The World is Quiet Here

My brilliant daughter. Okay, you can't PROVE that she didn't build this sandcastle, can you?

Well, we’ve just had two delightful weeks vacationing up at my in-law’s cottage. Their cottage is located on beautiful Lake Winnipeg about 40 minutes north of the city. Rather than attempt a road trip this year, as is our usual goal for the summer, we instead opted for a stationary holiday. Some of the time we spent with friends, some of it was just my wife and daughter and me, and the rest of the time was spent with the in-laws in attendance. I wasn’t sure how I would like two solid weeks of doing basically nothing. Usually, I get the itch to get on the road to somewhere, anywhere in the spirit of Jack Kerouac or Paul Theroux, but this year Kerouac’s “Big Sur” and Theroux’s “Tao of Travel” had to be travel surrogates for me. As it turned out, this type of holiday was the perfect tonic for me, and as I return to work tomorrow, I feel refreshed, rested, and better than I have in months.

This beats work, doesn't it?

Even though I’ve been up there for two weeks, and I’ve been going to this cottage for over a decade, there are a few lingering things about the place that I don’t quite get:

I think I’ve finally figured out the local political structure of this particular cottage country. Their cottage is in the Village of Dunnottar. They even have a website. But there is actually no place called Dunnottar. It’s actually made up of three smaller communities. What’s smaller than a village? A hamlet? A macbeth? Anyway, there are three smaller communities called Matlock, Whytewold, and Ponemah and I believe that all three together make up the Village of Dunnottar.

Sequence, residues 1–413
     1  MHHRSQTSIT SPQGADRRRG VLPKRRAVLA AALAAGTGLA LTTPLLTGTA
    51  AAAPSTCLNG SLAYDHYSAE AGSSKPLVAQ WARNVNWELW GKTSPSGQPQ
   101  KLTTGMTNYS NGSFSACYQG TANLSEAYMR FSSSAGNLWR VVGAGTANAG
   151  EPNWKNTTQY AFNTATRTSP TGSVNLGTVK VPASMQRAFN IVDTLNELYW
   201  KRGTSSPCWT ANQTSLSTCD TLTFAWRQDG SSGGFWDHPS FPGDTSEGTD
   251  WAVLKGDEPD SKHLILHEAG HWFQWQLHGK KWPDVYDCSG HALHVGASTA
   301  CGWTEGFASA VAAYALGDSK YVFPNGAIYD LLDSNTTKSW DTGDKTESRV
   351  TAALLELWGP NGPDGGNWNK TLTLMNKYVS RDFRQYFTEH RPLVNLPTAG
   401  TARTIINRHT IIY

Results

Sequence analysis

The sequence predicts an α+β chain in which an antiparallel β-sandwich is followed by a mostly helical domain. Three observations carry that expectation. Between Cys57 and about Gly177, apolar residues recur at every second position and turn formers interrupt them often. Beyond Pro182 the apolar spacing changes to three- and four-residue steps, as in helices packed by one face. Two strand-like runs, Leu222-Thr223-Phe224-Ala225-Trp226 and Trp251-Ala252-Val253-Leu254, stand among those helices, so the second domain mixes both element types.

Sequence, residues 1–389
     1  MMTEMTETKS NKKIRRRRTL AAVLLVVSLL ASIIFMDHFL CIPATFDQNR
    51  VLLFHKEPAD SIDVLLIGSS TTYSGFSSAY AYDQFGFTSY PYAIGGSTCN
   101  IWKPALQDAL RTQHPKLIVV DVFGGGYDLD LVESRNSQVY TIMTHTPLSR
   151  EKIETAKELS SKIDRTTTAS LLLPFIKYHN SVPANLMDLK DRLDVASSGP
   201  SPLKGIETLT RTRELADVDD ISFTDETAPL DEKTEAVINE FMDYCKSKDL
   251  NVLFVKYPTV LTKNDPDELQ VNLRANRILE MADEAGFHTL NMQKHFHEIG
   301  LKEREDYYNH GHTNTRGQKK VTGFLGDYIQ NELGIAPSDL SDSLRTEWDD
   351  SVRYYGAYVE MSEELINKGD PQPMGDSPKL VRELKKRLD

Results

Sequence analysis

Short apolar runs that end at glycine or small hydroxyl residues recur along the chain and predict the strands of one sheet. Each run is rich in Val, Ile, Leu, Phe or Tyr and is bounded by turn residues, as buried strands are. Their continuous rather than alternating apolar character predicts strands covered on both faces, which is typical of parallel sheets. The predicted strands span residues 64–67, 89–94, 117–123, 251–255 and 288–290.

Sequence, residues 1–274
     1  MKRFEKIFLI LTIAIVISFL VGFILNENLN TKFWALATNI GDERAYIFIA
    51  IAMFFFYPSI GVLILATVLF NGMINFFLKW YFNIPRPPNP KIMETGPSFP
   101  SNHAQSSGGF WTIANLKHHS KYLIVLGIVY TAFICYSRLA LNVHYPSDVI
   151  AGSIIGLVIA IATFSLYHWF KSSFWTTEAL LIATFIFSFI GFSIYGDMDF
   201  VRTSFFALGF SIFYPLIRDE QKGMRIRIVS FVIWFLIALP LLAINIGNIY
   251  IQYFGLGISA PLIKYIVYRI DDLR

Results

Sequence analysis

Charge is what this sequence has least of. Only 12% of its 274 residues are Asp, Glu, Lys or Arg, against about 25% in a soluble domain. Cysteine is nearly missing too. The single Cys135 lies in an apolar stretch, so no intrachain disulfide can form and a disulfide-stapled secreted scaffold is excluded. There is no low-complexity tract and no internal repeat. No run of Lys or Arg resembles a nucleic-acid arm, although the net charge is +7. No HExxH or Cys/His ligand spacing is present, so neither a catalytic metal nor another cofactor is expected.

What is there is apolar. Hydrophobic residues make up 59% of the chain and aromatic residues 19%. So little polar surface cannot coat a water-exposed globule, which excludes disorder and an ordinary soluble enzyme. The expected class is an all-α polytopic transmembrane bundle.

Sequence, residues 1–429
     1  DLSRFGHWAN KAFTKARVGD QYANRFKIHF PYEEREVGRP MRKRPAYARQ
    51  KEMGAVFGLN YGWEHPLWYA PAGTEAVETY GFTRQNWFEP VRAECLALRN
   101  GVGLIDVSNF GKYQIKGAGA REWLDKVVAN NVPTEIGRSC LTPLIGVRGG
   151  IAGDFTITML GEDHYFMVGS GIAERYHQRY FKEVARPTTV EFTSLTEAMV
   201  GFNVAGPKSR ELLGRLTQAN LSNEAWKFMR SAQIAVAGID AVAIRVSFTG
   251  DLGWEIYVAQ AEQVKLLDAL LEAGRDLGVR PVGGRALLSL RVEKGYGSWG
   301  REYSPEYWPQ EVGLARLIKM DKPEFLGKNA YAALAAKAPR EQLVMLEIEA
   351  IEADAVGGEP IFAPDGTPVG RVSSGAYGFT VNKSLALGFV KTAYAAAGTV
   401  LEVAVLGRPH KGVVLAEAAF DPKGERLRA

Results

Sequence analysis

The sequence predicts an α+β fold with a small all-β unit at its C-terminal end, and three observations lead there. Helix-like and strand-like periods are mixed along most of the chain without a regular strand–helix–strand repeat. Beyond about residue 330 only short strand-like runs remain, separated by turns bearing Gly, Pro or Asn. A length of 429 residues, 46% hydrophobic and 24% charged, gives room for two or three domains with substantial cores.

But I’m not entirely sure.

I’m even not entirely sure which of the communities my in-law’s cottage is in. I’m pretty sure its not Ponemah, and I’m quite sure it’s not Whytewold, but I’m not convinced its actually in Matlock either. If there’s such a thing as a no-man’s land between Matlock and Whytewold, then I suppose that’s where the cottage is.

One other bit of uncertainty is how you pronounceĀ the damn place. Is it “Done Otter”, like the sea creature, or Done ‘OTar, like the stuff you put on roofs and roads? My in-laws don’t seem to know and will argue about this for quite some time.

One thing I do like is that every garbage can in the area is labeled V.O.D. for Village of Dunnottar, I suppose. Two things strike me about this. First, who’s going to steal a garbage can? and Secondly, I always misread this as V.F.D. and I imagine that we are inside Lemony Snicket’s world at the cottage. Part of me likes the possibility of bumping into the Beaudelaire orphans on the beach or maybe spotting Count Olaf or Esme Squalor hiding in the bushes.

The World Is Quiet Here

Another thing that is unique to this part of the lake is the number of piers that jut out into the water at regular intervals. I suppose the idea is that the shore can be quite rocky, so if you walk out over the water a bit, then you’ll hit lovely sand for your daily splash. There are private piers and public piers, but no one I’ve talked to really understands where they come from, who assembles them in the spring, and who takes them away in the fall. Our friend, Karl, who happens to be a civil engineer was appalled at their shoddy construction and had his wife convinced that they could collapse at any moment, effectively keeping her shore-bound for the afternoon they spent with us. I’m no engineer, but they seem pretty sturdy to me. I may not be able to handle 3D movies, but when it comes to Lake Winnipeg piers, I’m no cupcake.

Looks sturdy enough...

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2 Comments

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2 responses to “The World is Quiet Here

  1. Carol

    Welcome back! I’m so glad you all had a restful holiday!

  2. Joanna

    Its pretty necessary to get away from it all in the summer. Glad you had a lovely holiday!

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